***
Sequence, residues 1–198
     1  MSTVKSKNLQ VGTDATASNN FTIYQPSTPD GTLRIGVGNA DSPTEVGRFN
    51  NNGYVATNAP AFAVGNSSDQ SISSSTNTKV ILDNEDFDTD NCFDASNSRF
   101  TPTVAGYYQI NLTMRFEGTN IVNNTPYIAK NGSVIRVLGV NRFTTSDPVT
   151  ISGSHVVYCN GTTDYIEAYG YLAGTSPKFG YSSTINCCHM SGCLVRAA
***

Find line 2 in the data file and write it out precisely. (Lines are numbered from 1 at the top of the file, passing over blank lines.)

     1  MSTVKSKNLQ VGTDATASNN FTIYQPSTPD GTLRIGVGNA DSPTEVGRFN